If, for example the ordinary channels are allotted a 3-cell pattern, the reserved channels can be allotted a 9-cell pattern according to FIGS. 4a and 4b, respectively, in said report on page 211. The longer distance between reused channels in a 9-cell pattern compared with the distance in a 3-cell pattern results in that the grade of co-channel interference is less in a 9-cell pattern than in the 3-cell pattern (see diagram on FIG. 6 in the report).
If the signal quality becomes so low that a handover is required, a change to the reserved channels in a 9-cell pattern results in that the signal quality will be higher, on an average, due to a lower degree of interference, than if the channels had been in a 3-cell pattern. The reservation of channels increases the possibility that there will at all be unoccupied channels available at the request for handover. The division of the reserved channels into a 9-cell pattern (in this example) increases the probability of the communication quality increasing after a handover.
Simulations have been carried out on a mobile, cellular telephone system with a cell pattern according to FIG. 1 and in which the method in accordance with the invention was utilized.
Results obtained are shown below in tabular form.
The division of channels is the parameter which can be varied. When "rescue channels" are only to be used when ordinary channels are not available, the former should only be a small part of a number of available channels. This is not least important since it leads to increased congestion amongst ordinary channels and increased ringing call blockages. 90 channels have been used in the simulations. Of these 10% (9 channels) have been used as "reference channels" and the remaining 81 as ordinary channels.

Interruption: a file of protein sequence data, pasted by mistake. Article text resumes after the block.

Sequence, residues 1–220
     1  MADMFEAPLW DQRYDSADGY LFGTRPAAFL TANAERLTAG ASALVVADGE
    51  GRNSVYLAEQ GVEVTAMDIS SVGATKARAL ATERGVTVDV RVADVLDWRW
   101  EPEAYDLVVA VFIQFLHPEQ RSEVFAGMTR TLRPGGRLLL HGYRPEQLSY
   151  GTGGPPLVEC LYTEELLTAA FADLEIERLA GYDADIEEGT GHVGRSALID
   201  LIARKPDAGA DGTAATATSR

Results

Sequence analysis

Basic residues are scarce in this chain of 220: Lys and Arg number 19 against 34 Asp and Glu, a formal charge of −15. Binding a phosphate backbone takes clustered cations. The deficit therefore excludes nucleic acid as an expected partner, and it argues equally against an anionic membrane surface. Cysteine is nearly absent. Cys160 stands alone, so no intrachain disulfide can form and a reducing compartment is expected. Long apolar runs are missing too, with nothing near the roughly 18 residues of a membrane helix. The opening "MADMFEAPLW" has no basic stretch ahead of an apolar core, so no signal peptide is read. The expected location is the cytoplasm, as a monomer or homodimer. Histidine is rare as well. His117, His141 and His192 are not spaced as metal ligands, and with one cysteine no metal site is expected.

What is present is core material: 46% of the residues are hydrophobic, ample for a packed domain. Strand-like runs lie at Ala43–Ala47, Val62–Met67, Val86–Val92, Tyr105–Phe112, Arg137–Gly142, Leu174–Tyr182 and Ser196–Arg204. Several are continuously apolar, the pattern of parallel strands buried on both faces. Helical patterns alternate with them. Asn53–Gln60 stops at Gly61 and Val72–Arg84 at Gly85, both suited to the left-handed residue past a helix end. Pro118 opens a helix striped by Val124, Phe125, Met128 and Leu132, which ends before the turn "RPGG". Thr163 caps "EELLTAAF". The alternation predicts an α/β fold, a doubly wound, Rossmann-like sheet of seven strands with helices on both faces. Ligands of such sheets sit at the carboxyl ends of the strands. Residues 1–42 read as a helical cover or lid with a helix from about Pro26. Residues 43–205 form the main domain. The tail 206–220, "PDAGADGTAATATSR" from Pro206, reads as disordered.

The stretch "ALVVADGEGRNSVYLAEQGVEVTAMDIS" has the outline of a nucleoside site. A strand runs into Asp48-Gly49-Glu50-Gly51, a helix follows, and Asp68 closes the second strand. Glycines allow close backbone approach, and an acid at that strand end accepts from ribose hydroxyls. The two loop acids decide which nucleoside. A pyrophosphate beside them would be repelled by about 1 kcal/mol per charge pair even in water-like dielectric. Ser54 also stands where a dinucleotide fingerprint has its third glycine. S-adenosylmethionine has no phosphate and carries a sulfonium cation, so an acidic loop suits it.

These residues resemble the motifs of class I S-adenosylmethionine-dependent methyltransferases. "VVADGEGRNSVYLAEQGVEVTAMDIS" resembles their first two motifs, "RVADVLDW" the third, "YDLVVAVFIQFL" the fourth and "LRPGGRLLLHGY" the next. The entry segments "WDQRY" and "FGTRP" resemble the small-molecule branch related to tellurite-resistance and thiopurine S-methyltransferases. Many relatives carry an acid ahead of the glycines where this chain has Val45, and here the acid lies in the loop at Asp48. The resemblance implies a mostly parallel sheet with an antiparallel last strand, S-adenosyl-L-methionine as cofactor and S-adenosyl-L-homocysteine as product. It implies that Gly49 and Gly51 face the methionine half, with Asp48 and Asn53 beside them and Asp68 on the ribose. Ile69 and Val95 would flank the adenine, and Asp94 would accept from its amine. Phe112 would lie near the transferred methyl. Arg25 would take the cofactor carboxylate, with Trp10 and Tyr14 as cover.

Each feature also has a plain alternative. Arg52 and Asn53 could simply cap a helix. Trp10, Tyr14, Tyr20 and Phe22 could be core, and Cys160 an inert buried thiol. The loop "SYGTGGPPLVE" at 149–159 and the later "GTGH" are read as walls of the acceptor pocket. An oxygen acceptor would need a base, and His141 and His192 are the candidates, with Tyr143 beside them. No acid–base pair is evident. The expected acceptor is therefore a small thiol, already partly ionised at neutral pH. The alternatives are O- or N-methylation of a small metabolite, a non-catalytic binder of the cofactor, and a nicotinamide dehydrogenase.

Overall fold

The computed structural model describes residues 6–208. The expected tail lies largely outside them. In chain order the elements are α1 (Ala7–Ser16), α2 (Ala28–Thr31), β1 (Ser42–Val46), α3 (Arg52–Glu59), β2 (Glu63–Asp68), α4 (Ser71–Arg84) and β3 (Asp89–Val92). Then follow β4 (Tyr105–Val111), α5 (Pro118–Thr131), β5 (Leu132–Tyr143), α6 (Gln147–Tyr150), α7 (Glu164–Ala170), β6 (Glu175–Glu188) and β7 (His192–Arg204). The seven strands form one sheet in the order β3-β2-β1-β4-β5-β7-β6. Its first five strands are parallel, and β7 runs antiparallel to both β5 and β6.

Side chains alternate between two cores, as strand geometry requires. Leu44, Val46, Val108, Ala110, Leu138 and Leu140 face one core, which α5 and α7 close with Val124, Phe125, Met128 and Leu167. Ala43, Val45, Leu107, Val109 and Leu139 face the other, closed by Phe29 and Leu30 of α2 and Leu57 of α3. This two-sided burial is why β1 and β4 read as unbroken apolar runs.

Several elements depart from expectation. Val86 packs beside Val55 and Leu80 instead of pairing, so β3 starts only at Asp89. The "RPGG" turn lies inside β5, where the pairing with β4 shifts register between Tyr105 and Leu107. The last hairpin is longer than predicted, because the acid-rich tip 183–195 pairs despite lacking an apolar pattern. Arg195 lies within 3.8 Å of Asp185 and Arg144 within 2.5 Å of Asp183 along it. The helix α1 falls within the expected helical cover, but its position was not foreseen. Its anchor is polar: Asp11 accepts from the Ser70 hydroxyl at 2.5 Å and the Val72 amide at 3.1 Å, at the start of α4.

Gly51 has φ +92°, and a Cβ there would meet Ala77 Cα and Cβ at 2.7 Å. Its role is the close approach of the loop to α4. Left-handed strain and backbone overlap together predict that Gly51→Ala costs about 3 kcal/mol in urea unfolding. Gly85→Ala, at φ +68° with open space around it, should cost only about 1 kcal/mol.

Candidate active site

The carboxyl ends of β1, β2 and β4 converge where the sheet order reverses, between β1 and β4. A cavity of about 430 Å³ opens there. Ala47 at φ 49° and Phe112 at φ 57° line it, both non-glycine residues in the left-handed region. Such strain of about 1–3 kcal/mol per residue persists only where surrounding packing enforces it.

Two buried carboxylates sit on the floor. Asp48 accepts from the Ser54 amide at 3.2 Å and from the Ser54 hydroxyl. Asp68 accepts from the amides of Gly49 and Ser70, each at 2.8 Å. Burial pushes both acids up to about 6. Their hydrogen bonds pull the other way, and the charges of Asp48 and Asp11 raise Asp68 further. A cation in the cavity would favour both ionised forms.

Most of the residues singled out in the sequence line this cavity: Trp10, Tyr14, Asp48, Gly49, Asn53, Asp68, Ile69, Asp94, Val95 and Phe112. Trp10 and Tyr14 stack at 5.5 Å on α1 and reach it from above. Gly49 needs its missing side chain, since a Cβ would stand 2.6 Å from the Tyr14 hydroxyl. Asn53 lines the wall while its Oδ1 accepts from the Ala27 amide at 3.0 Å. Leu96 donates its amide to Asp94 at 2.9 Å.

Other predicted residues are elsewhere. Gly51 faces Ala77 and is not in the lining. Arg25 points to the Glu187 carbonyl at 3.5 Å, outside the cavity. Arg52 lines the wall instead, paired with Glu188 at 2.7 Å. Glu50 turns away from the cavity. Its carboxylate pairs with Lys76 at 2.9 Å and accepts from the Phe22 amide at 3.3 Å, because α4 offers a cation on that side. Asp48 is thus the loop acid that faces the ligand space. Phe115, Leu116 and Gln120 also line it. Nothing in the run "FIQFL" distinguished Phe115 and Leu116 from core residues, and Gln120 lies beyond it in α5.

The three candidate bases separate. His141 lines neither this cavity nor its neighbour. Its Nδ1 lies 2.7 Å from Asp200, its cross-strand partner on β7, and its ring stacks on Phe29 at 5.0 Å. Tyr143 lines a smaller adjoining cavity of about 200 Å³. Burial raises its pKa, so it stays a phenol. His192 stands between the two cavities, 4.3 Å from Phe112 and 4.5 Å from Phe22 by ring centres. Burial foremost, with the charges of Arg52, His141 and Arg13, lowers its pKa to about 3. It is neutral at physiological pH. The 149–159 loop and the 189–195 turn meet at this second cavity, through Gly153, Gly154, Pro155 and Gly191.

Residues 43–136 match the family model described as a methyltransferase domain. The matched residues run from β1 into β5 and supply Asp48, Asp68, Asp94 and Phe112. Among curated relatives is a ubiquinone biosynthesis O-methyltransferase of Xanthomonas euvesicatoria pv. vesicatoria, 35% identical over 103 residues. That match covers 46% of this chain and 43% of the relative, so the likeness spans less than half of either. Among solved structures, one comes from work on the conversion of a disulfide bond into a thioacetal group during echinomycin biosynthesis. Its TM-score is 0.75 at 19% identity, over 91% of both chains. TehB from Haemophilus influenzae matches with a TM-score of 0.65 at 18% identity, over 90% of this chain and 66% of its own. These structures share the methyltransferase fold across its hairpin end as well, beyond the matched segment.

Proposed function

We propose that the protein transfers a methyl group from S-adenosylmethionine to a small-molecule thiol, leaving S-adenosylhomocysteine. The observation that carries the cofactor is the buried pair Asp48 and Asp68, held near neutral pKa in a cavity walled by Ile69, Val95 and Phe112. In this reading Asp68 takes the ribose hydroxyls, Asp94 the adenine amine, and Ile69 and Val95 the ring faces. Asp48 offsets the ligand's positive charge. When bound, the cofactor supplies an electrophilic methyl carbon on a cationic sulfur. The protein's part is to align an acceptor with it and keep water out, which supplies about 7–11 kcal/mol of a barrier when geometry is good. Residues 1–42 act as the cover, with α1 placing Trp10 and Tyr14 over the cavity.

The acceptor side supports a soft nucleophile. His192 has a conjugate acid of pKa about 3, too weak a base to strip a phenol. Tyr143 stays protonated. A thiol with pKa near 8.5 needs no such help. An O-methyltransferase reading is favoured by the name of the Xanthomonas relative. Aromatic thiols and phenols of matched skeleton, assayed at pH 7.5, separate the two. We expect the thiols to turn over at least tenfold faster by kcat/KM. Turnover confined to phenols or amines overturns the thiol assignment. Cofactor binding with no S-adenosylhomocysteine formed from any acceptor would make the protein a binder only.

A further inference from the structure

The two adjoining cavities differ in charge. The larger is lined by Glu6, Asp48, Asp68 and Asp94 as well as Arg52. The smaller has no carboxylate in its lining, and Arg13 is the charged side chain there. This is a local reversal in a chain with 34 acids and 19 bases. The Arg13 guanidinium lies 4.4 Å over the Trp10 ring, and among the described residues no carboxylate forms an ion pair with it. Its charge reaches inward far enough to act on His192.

The result of the simulations gave, as expected, an increased amount of ringing call blockage:
TABLE 1:______________________________________Ringing call blockage for systems with and without rescuechannels in different offered traffic.RINGING CALL BLOCKAGE 10 E 14 E______________________________________90/0 1,2% 4,6%81/9 2,4% 7,6%______________________________________
The loss of a channel/cell thus leads to increased congestion among the ordinary channels. This also leads to a decreased share of calls without handover:
TABLE 2:______________________________________Calls without handovers for systems with and without rescuechannels in different offered traffic.CALLS WITHOUT HANDOVERS 10 E 14 E______________________________________90/0 41,4% 36,8%81/9 38,4% 33,0%______________________________________
The share of successful handovers, which was already very high, has now increased to nearly 100%.
TABLE 3:______________________________________Successful handovers for systems with and without rescuechannels in different offered traffic:SUCCESSFUL HANDOVERS 10 E 14 E______________________________________90/0 99,30% 96,99%81/9 99,98% 99,18%______________________________________
TABLE 4:______________________________________Interruption risk for systems with and without rescuechannels in different offered traffic.INTERRUPTION RISK 10 E 14 E______________________________________90/0 1,808% 9,360%81/9 0,053% 3,029%______________________________________
Table 4 shows that the interruption risk has fallen when rescue channels in accordance with the method have been used. In summary, it may be said that the rescue channels function very well as long as low traffic (10 Erlang) is offered. These are then used sparingly and can therefore maintain most of the established calls.
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|U.S. Classification||455/452.1, 455/510, 455/436|
|Jun 26, 1995||FPAY||Fee payment|
Year of fee payment: 4
|Jul 13, 1999||FPAY||Fee payment|
Year of fee payment: 8
|Jul 14, 2003||FPAY||Fee payment|
Year of fee payment: 12